App-based point-of-sale systems are certainly making plastic and payment apps more affordable and accessible for small businesses, but for many, the paper dollar is still almighty. But with one in four Americans rarely carrying cash – even less among millennials, according to 2018 research from Capital One – not having an automatic teller machine in your cash-only place of business might drive away potential customers.
Buying an in-store ATM can be good for your company, but that's not always where the story ends – you can even go into the often lucrative ATM business itself, whether full time or as a side hustle.
Why Buy an ATM?
In addition to customer retention – you don't want a cash-less customer to wander away from your cash-only storefront in search of an ATM – ATM surcharge fees offer your business a passive way to earn supplemental income. Just having the machine itself may draw customers in, even if you do accept a variety of payment methods, especially if your location is near a variety of cash-only establishments. The ATM vendors at ATM Experts estimate that, on average, 3-to-5 percent of foot traffic visiting a business each day will use an ATM that's in their line of sight.
You don't even have to be a business owner to buy an ATM machine. Though commonly purchased or leased by retailers, landlords can put an ATM on their commercial property (as can government buildings), and entrepreneurs may choose to buy an ATM – or a fleet of them – as an investment. Those with a felony or any type of financial crime on their criminal record are out of luck, though.
Making the ATM Purchase
So you're ready to buy an ATM. The process isn't as painless as walking in and out of a Costco, but a variety of vendors that specialize in distributing ATMs (often alongside related devices like check cashing terminals and coin counters) make the process fairly straightforward, offering sales, installation and maintenance on models from prominent manufacturers like Tranax, Triton and Hyosung.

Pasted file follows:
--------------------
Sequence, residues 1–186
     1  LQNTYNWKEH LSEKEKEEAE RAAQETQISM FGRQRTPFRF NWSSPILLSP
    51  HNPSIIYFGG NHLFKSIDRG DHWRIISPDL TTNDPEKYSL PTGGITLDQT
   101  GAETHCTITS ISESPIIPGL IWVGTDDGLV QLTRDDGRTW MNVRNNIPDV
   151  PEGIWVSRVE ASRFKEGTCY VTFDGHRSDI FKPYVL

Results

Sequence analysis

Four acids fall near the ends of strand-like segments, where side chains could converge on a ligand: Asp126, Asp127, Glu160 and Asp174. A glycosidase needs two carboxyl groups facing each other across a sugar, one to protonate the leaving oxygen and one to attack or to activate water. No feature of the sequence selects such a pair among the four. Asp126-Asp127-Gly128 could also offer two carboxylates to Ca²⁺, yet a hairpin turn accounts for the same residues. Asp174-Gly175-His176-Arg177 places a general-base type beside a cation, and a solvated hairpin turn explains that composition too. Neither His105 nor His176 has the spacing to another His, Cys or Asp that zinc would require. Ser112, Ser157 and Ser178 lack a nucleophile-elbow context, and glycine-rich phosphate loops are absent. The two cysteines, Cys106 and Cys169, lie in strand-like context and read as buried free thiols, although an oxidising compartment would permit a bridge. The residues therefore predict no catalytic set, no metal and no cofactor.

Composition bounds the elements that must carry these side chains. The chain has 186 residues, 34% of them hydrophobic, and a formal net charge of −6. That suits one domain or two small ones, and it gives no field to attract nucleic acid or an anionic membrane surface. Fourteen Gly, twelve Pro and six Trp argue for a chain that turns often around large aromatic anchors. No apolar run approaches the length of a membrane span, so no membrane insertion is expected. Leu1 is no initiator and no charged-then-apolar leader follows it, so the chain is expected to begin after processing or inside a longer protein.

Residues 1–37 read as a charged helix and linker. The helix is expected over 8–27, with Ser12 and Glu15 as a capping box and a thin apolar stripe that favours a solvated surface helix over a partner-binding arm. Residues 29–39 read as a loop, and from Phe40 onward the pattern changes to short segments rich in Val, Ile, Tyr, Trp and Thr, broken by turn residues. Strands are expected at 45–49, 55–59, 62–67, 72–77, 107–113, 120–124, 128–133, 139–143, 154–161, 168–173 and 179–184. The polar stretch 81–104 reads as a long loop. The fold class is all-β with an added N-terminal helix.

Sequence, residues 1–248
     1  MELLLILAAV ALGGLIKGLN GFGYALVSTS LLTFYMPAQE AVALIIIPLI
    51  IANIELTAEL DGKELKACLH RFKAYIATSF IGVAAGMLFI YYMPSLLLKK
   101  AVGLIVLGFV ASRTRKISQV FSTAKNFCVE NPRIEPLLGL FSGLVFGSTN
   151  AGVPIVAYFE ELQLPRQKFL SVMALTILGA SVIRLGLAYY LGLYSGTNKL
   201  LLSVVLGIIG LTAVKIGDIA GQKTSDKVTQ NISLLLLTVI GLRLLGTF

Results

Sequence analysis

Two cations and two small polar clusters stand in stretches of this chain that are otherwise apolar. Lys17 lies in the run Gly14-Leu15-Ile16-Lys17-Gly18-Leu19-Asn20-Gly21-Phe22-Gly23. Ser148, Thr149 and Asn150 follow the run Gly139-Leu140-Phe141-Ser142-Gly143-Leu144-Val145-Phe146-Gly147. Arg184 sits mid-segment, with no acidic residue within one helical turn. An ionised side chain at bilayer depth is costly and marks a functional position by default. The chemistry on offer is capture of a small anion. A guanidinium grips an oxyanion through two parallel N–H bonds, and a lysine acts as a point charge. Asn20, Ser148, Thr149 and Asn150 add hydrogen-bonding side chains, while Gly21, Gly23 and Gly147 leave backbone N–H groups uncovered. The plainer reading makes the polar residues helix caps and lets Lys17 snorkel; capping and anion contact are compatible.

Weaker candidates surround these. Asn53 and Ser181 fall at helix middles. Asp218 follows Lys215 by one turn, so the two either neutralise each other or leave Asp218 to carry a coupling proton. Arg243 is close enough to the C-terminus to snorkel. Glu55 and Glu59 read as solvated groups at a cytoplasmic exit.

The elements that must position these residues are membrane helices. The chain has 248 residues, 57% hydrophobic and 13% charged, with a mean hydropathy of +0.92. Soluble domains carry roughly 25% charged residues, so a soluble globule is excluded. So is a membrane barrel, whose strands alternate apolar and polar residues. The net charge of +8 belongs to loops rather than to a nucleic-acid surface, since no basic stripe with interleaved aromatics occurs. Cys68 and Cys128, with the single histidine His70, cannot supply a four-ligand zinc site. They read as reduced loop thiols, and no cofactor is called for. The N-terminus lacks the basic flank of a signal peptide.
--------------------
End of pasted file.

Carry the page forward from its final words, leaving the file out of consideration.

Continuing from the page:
As of 2018 prices, basic ATM models start at about $2,500, plus shipping, though some can be had for as low as $1,995. Options such as armored protection will naturally raise the price, but most businesses will only need more affordable indoor machines. On top of that, many vendors offer leasing options (typically hovering at around $65 or so per month) while still others will install and maintain the machine for free, operating on commission from the withdrawals. Similarly, a system known as co-op ATM services sees the distributor of the machine and the business owner splitting costs down the middle.
While the risk of theft and vandalism is low, ATMs do need to be regularly serviced or repaired due to cash and receipt printer jams or communication errors. As such, seeking an ATM distributor that offers insurance and free, ongoing tech support is never a bad idea.
More to Consider
One thing to be wary of is that there are no major credentialing organizations for ATM vendors. While the Americans with Disabilities Act requires certain ATM compliance – such as minimum floor space, enhanced accessibility features, accessible form factor and clearly displayed fee disclosures – some sellers may try to get away with selling older, non-compliant ATMs, which may require costly upgrades on the part of your business. It's up to you to ensure that the machine you're buying is up to standard.
While having an ATM at your business location can encourage purchases and supplement your revenue, owning ATMs as an investment in itself serves as a legit business model for generating passive income. Going into the ATM business typically offers annual returns that outweigh the initial cost, making them a low-risk investment, not to mention a gateway into working flexible hours as your own boss.
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